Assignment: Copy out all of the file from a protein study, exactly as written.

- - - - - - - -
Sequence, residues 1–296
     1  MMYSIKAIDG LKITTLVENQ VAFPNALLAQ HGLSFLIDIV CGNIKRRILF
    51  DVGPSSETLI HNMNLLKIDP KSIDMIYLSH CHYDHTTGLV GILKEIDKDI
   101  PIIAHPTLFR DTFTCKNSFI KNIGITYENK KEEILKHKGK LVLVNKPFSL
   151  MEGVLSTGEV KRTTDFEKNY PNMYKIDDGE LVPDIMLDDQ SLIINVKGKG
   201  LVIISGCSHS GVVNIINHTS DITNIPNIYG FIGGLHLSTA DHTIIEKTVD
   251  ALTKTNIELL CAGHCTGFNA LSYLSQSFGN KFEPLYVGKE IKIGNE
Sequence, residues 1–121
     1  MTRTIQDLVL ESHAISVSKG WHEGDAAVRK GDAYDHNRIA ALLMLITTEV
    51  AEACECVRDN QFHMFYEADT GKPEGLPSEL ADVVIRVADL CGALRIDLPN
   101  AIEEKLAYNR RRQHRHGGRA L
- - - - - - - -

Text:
Sequence, residues 1–296
     1  MMYSIKAIDG LKITTLVENQ VAFPNALLAQ HGLSFLIDIV CGNIKRRILF
    51  DVGPSSETLI HNMNLLKIDP KSIDMIYLSH CHYDHTTGLV GILKEIDKDI
   101  PIIAHPTLFR DTFTCKNSFI KNIGITYENK KEEILKHKGK LVLVNKPFSL
   151  MEGVLSTGEV KRTTDFEKNY PNMYKIDDGE LVPDIMLDDQ SLIINVKGKG
   201  LVIISGCSHS GVVNIINHTS DITNIPNIYG FIGGLHLSTA DHTIIEKTVD
   251  ALTKTNIELL CAGHCTGFNA LSYLSQSFGN KFEPLYVGKE IKIGNE
Sequence, residues 1–121
     1  MTRTIQDLVL ESHAISVSKG WHEGDAAVRK GDAYDHNRIA ALLMLITTEV
    51  AEACECVRDN QFHMFYEADT GKPEGLPSEL ADVVIRVADL CGALRIDLPN
   101  AIEEKLAYNR RRQHRHGGRA L